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Practice Management

The Burden of Our Privilege

Barry Daniel Malone

The Burden of Our Privilege
Marco_Piunti via iStock

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Every lawyer in the United States swears an oath. Swearing the lawyer’s oath is the admission ticket to the privilege of practicing law. Each state’s oath varies. However, there is a similarity in all oaths: every lawyer swears to support the Constitution of the United States.

Your Oath Requires Active Participation

Supporting the Constitution may seem a natural thing for lawyers. But what does it actually mean? According to the Merriam-Webster Dictionary, "support" means “to promote the interests or cause of” or “to uphold or defend as valid or right.” Promote, uphold, and defend are verbs. Verbs are action words. Implicitly, one cannot promote, uphold, or defend passively.

Your Oath Is Unconditional 

Further, no lawyer’s oath administered in the United States contains any conditional language. No lawyers swear to support the US Constitution so long as it comports with their personally desired outcome or what’s in their client’s best interest.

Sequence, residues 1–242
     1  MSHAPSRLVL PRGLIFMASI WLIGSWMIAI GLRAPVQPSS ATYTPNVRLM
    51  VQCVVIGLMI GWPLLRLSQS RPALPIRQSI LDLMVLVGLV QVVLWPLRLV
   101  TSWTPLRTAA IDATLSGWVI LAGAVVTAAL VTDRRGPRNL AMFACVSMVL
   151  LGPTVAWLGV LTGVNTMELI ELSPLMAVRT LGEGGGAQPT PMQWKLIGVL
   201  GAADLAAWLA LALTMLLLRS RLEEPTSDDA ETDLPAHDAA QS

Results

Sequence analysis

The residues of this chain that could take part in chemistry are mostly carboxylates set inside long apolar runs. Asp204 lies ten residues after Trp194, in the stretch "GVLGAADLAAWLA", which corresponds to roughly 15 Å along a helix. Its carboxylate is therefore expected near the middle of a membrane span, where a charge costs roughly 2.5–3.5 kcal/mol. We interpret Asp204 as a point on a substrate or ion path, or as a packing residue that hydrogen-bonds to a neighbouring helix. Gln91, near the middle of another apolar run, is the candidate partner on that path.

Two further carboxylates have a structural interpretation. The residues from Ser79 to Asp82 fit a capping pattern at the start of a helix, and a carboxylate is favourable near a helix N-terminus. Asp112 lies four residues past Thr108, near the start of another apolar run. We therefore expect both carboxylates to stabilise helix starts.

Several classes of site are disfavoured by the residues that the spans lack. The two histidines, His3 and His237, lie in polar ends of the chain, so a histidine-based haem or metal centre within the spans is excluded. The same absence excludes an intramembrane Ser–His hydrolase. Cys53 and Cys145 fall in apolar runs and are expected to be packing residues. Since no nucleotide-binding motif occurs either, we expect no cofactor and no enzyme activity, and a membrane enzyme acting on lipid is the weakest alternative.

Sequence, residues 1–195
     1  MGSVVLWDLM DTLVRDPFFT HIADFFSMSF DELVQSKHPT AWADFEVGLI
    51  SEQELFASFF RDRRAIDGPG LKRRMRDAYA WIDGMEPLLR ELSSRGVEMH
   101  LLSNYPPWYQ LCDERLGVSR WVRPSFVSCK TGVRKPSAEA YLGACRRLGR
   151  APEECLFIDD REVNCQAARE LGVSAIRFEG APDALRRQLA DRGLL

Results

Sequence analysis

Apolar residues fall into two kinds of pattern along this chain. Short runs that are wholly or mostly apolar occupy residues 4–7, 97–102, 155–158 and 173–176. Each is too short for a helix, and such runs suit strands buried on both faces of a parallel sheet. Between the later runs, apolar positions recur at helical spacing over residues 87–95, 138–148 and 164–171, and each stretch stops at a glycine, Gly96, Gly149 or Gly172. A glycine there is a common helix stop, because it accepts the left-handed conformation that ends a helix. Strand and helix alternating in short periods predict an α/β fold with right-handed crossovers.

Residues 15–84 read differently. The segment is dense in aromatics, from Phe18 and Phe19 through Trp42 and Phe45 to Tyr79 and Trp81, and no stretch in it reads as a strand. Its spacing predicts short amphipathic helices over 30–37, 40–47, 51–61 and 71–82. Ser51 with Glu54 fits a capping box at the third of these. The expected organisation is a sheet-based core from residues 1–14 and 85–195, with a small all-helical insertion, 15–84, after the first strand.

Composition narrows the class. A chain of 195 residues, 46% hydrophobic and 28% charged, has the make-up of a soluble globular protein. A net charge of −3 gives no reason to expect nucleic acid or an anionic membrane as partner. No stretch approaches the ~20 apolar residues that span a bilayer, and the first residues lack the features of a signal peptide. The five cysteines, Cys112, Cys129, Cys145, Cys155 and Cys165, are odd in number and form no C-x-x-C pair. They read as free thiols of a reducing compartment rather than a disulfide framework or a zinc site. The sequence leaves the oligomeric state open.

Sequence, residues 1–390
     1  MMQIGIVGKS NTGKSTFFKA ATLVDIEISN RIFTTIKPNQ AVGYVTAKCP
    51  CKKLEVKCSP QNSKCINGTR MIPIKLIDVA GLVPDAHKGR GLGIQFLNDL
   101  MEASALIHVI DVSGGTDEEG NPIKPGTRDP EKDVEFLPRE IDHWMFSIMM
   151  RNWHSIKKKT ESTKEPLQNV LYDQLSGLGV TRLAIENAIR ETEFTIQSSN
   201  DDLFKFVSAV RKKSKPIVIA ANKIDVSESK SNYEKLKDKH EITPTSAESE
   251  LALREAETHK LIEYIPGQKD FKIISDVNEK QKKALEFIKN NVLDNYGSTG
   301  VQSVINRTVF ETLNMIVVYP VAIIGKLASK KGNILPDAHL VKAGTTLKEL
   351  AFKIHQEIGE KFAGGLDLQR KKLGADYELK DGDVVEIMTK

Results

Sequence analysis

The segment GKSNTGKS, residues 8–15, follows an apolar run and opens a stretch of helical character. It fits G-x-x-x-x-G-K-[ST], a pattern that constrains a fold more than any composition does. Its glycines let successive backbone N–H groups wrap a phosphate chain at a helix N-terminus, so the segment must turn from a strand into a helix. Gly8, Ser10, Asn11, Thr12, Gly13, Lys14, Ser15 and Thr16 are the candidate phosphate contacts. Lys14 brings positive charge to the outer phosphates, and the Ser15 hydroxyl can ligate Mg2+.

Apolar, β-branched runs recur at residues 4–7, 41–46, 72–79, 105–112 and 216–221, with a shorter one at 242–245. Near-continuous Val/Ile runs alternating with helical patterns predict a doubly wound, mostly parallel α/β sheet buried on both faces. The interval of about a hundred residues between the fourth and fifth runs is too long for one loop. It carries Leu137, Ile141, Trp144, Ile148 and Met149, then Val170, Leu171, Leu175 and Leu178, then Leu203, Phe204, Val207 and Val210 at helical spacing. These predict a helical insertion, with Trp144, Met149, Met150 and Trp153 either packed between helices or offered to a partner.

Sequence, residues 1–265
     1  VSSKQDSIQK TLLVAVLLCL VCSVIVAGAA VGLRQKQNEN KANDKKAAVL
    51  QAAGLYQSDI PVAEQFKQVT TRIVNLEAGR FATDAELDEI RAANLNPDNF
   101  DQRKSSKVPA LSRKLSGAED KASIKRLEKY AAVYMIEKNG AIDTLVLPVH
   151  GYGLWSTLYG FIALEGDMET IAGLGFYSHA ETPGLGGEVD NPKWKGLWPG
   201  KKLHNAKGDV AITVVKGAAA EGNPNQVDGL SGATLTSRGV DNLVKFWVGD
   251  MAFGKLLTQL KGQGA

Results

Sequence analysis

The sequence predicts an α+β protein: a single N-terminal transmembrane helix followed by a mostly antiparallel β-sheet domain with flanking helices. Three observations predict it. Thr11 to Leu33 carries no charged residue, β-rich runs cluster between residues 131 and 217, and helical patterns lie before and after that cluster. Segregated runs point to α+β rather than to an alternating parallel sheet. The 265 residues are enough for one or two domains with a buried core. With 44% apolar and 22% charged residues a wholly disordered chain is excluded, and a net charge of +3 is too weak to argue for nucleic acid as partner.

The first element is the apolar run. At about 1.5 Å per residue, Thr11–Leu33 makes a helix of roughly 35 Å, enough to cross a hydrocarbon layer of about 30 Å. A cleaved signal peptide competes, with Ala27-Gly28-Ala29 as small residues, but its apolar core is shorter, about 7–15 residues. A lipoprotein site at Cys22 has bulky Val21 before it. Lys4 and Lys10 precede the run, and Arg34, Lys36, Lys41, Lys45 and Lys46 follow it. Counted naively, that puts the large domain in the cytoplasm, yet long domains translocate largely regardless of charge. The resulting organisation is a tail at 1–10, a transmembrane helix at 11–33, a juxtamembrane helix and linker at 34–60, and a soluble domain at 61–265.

Your Oath Is 24–7

Similarly, no lawyer’s oath contains a temporal limitation. A lawyer isn’t sworn to promote, uphold, and defend the US Constitution during business hours only or just while actively litigating a matter. Without a specific limitation, a lawyer must follow the oath always.

This oath places a burden on all lawyers. Every lawyer, meaning you, if you are one, has the affirmative duty—always—to promote, uphold, and defend the US Constitution. Every action a lawyer takes, both personally and professionally, must comport with this sworn duty. Even further, every inaction of a lawyer must comply.

Your Oath Requires You to Support the Constitution, Especially When It's Hard

No lawyer’s oath explains the proper manner for supporting the US Constitution. The easiest way to adhere to a lawyer’s oath is not to promote laws that are likely unconstitutional. But most aspects of being a lawyer are difficult. What are the hardest ways to obey your oath? Are you obligated to defend the US Constitution when no one is paying you to do so? What about when you believe the outcome justifies the constitutional infringement? In situations where you have no personal stake in the events? Yes, you are obligated to act in support of the US Constitution in all situations, especially where it’s the hardest for you.

Lawyers accepted the responsibility, challenge, and opportunity to support the US Constitution to the best of their abilities, in whatever fashion most appropriate, all the time.

Are You Meeting Your Burden?

It’s possible that a contemporary person could go his entire life without taking an oath. That person will never be a lawyer. Lawyers chose a harder life. That’s the burden of our privilege.